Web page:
Magnetic resonance diffusion tensor imaging of cervical microstructure in normal early and late pregnancy in vivo

Wenxu Qi, Peinan Zhao, Zhexian Sun, Xiao Ma, Hui Wang, Wenjie Wu, Zichao Wen, Zulfia Kisrieva-Ware, Pamela K. Woodard, Qing Wang, Robert C. McKinstry, Alison Cahill, Yong Wang

Research output: Contribution to journalArticle

Abstract

Background: Cervical remodeling is an important aspect of birth timing. Before cervical ripening, the collagen fibers are arranged in a closely interweaved network, but during ripening, the fibers become disorganized and the cervix becomes more hydrated. To quantitatively measure cervical remodeling, we need a noninvasive method to monitor changes in cervical collagen fiber organization and hydration in vivo. Objective: To use diffusion tensor imaging to image and quantify the spatial and temporal differences in cervical microstructure between normal early and late pregnancies. Study Design: After institutional review board approval and consent, a group of healthy women in early pregnancy (22 patients at 12–14 weeks’ gestation) and a group in late pregnancy (27 patients at 36–38 weeks’ gestation) underwent magnetic resonance imaging on a Siemens MAGNETOM Vida 3 Tesla unit. Diffusion tensor imaging of the cervix in the axial plane was performed with a two-dimensional single-shot echo planar imaging diffusion-weighted sequence. In early and late pregnancy groups, the differences of the diffusion tensor imaging measures were compared between the subglandular zone and the outer stroma regions of the cervix. In addition, the diffusion tensor imaging measures were compared between the early and late pregnancy groups. Finally, for the late pregnancy group, the diffusion tensor imaging measures were compared between the primipara and multipara groups. Results: Diffusion tensor imaging measures of microstructure significantly differed between the subglandular zone and outer stroma regions of the cervix in both early and late pregnancies. In the subglandular zone, fractional anisotropy was lower in the late pregnancy group than in the early pregnancy group (0.37 [0.34–0.42] vs 0.50 [0.43–0.58]; P<.0005), suggesting increased collagen fiber disorganization in this zone. In addition, mean diffusivity was higher in the late pregnancy group than in the early pregnancy group (1.84 [1.73–2.02] mm2/sec×10–3 vs 1.56 [1.42–1.69] mm2/sec×10–3; P=.001), suggesting increased hydration in the subglandular zone. In the outer stroma, neither fractional anisotropy (0.44 [0.40–0.50] vs 0.41 [0.37–0.43]; P=.095) nor mean diffusivity (2.09 [1.92–2.25] mm2/sec×10–3 vs 2.12 [2.04–2.24] mm2/sec×10–3; P=.269) significantly differed between early pregnancy and late pregnancy, suggesting insignificant temporal microstructural changes in this cervical zone. Diffusion tensor imaging measures did not significantly differ between cervixes from primiparous and multiparous women in late pregnancy. Conclusion: This in vivo study demonstrates that diffusion tensor imaging can noninvasively quantify the microstructural differences in collagen fiber organization and hydration in cervical subregions between early pregnancy and late pregnancy.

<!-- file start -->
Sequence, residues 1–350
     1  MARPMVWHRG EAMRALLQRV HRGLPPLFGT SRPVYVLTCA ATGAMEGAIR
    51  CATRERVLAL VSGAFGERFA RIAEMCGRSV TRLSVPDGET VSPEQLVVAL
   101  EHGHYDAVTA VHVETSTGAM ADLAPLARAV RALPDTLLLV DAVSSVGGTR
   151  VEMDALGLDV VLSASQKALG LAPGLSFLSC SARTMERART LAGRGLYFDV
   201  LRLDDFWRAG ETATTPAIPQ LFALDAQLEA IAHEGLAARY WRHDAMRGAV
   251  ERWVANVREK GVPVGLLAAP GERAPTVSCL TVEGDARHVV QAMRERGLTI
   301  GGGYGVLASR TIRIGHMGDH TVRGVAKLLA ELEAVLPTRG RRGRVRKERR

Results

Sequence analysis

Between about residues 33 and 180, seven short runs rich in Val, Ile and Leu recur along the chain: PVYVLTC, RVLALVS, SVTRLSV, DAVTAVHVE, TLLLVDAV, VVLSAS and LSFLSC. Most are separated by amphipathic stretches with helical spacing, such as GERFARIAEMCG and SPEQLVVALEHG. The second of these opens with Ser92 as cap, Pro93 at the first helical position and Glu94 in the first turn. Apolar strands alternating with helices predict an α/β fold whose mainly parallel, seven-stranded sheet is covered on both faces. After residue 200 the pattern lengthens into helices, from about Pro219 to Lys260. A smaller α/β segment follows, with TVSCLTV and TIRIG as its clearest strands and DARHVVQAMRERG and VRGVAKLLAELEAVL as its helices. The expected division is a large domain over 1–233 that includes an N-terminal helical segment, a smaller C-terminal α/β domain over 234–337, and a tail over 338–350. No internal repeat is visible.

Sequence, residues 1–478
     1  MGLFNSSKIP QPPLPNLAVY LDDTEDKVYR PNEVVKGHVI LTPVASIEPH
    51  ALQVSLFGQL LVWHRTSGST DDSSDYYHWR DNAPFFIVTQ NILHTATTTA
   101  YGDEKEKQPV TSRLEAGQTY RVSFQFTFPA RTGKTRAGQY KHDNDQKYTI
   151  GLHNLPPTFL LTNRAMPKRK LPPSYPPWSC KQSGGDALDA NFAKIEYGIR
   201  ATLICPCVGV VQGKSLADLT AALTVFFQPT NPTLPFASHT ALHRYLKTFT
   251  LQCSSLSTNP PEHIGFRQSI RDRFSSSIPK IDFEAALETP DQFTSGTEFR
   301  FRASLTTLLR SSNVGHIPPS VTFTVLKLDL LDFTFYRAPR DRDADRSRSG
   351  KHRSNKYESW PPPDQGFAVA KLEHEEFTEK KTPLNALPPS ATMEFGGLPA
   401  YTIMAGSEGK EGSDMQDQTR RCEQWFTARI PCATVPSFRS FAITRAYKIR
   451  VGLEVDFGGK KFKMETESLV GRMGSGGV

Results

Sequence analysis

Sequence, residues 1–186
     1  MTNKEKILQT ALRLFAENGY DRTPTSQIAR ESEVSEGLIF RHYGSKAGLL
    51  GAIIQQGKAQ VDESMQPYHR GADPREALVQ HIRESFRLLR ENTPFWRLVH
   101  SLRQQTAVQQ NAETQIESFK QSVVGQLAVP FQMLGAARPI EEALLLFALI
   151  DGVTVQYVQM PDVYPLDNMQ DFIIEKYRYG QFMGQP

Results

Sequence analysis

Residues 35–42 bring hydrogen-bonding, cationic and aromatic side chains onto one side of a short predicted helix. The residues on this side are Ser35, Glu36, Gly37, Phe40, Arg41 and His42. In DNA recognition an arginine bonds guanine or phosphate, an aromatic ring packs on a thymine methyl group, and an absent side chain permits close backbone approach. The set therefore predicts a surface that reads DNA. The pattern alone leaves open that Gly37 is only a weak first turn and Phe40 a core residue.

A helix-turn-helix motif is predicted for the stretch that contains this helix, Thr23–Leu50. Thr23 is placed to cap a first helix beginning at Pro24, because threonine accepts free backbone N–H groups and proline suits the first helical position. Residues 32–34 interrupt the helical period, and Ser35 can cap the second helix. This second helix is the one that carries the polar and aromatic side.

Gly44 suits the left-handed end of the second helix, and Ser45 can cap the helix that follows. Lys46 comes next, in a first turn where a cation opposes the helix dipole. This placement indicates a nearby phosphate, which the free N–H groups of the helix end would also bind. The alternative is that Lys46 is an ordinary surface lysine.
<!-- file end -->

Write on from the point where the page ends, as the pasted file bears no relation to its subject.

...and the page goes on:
Original languageEnglish
JournalAmerican journal of obstetrics and gynecology
DOIs
StateAccepted/In press - 2020

Keywords

  • cervical microstructure
  • collagen organization
  • diffusion tensor imaging
  • hydration

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